Ardent fans of Games Of Thrones and another, already popular, series on Netflix, The Witcher, may be tempted to compare the Katherine Langford starrer Cursed to the series and write it off as a feeble attempt to sell out a medieval fantasy genre. Agreed, you will not find Cursed to be as intense or mind-numbingly crazy as the two shows and it’s okay, ‘cause it has set out with a different agenda, a refreshing theme of retelling the famous Arthurian legend with a female perspective, something which never been done before. And for that alone, it deserves a franchise of its own.
Many of us would proudly say that they are aware of the nitty-gritty details of famous Arthurian legend- there was a king, named Arthur, who became the chosen one when he wielded the powerful sword, Excalibur, and the magician, Merlin, who helped him along the way.
Thus, while Nimue, the future Lady of the Lake, in Cursed, sounds like a familiar name, not much is known about her importance in the story of King Arthur- like every other female character, she has either been sidelined or conveniently villainised in each retelling of the legend, serving to only further the male-driven narrative.
And that’s why Cursed, adapted from Frank Miller and Tom Wheeler’s recent bestselling graphic novel of the same name, despite its flaws (which we will discuss later), comes off as a worthy watch as it puts a woman at the helm of the Arthurian legend, instead of just existing on the fringes and attempts to drive it an entirely new, if not perfect, way.
Cursed, begins with a major shift away from the usual retelling of the saga of King Arthur, by depicting him (Devon Terrell) as a secondary character. From the very beginning, we follow the difficult life of the young Fey maiden, Nimue (Katherine Langford) who has mysterious powers and is shunned by everyone, apart from her mother, Lenore (Catherine Walker). But when the Red Paladins, led by Carden (Peter Mullan) ravage her village, her dying mother entrusts her with the Sword of Power (Excalibur), instructing her to deliver it to the wizard Merlin (a delightful Gustaf Skarsgård).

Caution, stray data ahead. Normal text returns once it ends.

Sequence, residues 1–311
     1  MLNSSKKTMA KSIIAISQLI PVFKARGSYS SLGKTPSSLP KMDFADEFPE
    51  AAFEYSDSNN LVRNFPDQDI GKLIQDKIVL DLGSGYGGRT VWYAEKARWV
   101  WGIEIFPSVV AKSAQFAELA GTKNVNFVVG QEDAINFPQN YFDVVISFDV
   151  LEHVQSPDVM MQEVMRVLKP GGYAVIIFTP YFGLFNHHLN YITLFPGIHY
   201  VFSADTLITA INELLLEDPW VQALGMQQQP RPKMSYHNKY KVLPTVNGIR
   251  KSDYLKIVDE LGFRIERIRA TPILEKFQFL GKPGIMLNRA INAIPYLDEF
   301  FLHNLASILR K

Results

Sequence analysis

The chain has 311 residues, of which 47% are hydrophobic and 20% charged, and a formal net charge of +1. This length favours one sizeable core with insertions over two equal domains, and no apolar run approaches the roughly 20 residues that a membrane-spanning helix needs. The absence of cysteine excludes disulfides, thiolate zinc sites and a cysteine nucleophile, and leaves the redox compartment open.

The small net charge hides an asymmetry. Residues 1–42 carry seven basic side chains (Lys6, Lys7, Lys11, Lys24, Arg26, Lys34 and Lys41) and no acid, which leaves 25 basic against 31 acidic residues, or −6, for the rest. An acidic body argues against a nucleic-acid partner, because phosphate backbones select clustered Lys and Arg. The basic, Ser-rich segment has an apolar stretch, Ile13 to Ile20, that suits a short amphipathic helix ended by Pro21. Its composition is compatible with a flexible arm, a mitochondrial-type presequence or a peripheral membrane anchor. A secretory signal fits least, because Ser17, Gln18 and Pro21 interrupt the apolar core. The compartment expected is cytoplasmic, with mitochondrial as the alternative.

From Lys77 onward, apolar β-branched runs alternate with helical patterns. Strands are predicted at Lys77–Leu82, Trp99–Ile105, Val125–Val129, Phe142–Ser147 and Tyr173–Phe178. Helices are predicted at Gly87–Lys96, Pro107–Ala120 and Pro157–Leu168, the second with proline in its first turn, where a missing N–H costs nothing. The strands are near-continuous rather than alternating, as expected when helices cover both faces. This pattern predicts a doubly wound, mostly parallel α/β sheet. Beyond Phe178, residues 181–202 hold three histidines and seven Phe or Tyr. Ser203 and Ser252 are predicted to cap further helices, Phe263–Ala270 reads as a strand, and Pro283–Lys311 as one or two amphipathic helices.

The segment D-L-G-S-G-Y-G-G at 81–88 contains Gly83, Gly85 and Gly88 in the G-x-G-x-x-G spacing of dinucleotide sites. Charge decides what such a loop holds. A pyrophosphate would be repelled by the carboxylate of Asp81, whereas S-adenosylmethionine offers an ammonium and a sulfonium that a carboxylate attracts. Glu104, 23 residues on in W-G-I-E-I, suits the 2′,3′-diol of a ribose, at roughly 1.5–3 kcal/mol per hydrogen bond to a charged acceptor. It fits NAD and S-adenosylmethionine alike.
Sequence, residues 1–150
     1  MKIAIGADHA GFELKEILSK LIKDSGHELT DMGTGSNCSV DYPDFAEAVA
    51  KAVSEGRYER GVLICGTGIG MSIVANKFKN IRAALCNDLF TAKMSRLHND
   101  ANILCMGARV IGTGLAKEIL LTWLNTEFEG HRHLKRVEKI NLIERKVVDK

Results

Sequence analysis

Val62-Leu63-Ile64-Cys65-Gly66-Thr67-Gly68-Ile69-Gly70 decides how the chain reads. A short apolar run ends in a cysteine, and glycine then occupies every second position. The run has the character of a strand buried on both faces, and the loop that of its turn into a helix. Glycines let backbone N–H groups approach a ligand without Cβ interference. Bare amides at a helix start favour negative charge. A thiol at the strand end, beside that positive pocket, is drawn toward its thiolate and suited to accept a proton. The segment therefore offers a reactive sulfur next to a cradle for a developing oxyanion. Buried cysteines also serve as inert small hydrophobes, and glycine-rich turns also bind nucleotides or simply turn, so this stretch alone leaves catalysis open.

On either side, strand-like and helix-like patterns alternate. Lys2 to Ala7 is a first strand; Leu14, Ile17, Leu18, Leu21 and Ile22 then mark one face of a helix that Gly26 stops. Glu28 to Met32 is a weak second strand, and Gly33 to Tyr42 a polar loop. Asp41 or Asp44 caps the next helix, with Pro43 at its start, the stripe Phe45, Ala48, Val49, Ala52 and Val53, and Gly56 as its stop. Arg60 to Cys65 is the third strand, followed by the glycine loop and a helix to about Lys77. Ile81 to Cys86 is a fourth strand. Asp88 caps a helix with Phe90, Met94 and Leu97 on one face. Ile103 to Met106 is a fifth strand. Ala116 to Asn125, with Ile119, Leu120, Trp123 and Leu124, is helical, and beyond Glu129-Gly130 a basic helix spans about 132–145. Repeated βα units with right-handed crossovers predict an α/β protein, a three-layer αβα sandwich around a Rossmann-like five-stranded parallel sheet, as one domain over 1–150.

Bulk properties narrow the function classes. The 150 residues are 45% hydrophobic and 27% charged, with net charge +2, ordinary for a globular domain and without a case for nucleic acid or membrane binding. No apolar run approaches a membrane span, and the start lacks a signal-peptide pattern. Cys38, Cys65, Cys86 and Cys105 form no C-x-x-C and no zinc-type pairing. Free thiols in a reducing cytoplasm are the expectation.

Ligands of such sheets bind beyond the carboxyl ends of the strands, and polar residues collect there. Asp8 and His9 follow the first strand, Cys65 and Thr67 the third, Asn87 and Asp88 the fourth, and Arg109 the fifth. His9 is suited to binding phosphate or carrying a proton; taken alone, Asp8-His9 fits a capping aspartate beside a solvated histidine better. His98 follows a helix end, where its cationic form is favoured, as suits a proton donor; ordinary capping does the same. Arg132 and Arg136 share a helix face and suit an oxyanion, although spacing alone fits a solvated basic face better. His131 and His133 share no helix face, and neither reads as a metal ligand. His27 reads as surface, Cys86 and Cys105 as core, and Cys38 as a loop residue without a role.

But along the way, faced with life-threatening elements, Nimue has no choice but to unsheath the sword and wield it. And Excalibur chooses her, making her the “Chosen one”, the saviour.
Though Cursed narrates an engaging tale, it is hard to not miss the forced attempts to somehow connect it to the broader Arthurian legend (which Netflix is definitely planning to produce in the future) and in doing so, it too hands the baton to men more often than appreciated, undermining the importance of Nimue’s story.
Then there are major lapses in the storyline Cursed follows- there are episodes where the engaging main story arc dominates and then there are also long, dull, 50-60 minutes of exploring half-hearted subplots like Fey politics and clashing armies.
It is Katherine Langford who keeps Cursed from falling apart. You may be disgruntled with something in one scene, but the very next scene featuring her Nimue will force you to marvel at her talent to emote vulnerability and strong-headedness at the same time.
And that’s why despite all its shortcomings, it’s hard to give up on Cursed just yet, especially not when it shows all the potential to transform into a franchise to root for, its success resting on Katherine Langford’s able shoulders, which granted 13 Reasons Why at least one stellar season.